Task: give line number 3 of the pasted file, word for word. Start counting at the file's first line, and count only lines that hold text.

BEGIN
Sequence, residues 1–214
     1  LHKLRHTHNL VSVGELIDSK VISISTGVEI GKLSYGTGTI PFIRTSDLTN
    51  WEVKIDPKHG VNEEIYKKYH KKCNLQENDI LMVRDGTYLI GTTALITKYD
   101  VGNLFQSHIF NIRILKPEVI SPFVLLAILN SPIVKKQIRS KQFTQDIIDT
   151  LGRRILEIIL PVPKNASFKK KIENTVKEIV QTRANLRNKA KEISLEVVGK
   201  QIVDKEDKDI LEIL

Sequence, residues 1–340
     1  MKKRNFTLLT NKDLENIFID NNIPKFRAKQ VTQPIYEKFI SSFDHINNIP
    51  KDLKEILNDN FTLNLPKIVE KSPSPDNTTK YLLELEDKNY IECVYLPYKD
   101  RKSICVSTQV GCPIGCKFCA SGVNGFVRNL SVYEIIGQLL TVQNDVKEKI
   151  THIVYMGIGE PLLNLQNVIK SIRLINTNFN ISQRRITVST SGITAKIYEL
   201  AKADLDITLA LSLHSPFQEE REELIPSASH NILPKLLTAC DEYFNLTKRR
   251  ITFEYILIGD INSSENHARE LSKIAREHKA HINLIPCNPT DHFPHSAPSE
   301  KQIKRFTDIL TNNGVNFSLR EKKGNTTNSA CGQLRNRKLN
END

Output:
    51  WEVKIDPKHG VNEEIYKKYH KKCNLQENDI LMVRDGTYLI GTTALITKYD